In its annual report, the U.S.-based rights watchdog Human Rights Watch (HRW) evaluates the human-rights situation in more than 90 countries and warns of the challenges to democracy many of them face.
Reviewing recent developments in the Middle East, the international rights-monitoring group says the willingness of new governments in the region to respect human rights will determine whether the Arab Spring uprisings will give rise to democracy or new forms of authoritarian rule.
It says other countries can be supportive both by setting positive examples with their own practices and by promoting rights in their relations with the new governments. It warns that "turning a blind eye to repression may be politically convenient but it does enormous damage."
In Russia, HRW says Vladimir Putin has unleashed "an unprecedented crackdown against civic activism" after his return to the presidency.
Anna Sevortian, director of HRW's Russia office, in a telephone interview with RFE/RL from Moscow, was harshly critical of Russia's use of laws to restrict civil society.
"We believe that this has been the worst year for human rights in Russia in its recent history, which was evidenced by a series of bills of an absolutely regressive and repressive nature," Sevortian said.
"These bills, which have now become laws, are radically changing the human rights and freedom situation in Russia."
In June, a Russian law came into force that dramatically raised potential fines for people found guilty of participating in unapproved public demonstrations.
Another law that went into effect in November requires foreign-funded nongovernmental organizations involved in what are deemed political activities to register as "foreign agents."
Human Rights Watch also criticized the rights record of governments across Central Asia. "Across Central Asia, 2012 was marked by restrictions on free speech and expression, and prosecution of government critics," HRW Central Asia researcher Mihra Rittlam told RFE/RL from Almaty.
Yulia Gorbunova, HRW researcher on Belarus and Ukraine, highlighted continued repression by Belarusian President Alyaksandr Lukashenka's regime.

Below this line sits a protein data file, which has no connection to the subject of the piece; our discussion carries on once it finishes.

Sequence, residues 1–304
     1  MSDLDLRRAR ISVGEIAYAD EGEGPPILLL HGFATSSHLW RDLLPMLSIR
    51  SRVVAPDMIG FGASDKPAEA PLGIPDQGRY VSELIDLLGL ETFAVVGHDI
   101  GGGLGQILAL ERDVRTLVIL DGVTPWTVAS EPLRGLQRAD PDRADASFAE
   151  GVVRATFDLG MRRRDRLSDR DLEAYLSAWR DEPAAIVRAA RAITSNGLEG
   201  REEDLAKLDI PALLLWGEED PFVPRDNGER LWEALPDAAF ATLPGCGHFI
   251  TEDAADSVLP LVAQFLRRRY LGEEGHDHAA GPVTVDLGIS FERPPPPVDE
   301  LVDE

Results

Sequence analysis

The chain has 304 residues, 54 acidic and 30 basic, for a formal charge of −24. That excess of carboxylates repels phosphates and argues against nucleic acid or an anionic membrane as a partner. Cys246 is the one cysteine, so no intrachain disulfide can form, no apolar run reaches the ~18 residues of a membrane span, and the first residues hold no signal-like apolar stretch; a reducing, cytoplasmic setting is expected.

"We feel that the human rights crisis in Belarus has deepened in 2012. The fact that in the last parliamentary election the opposition won no seats in parliament basically shows that the status quo of the repressive regime led by Alyaksandr Lukashenka was preserved," Gorbunova said.
"And we very strongly feel that Belarusian human-rights activists need very strong international support now more than ever before."
In Iran, HRW says the authorities continued to repress civil society. In 2012, the report notes, Iranian authorities barred opposition candidates from participating in parliamentary elections, while prominent opposition leaders have been held under house arrest for more than a year and a half.
It also notes that executions, especially for drug-related offenses, continued at high rates. It said Iran leads the world in the execution of juvenile offenders, with more than 100 on death row in late 2012.
In Afghanistan, HRW says the government's failure to effectively respond to violence against women "undermines the already-perilous state of women's rights."
It also says "government efforts to stifle free speech through new legislation and targeting individual journalists were a worrying new development in 2012."
The 665-page report is HRW's 23rd annual review of human-rights practices around the world.
With reporting by Pavel Butorin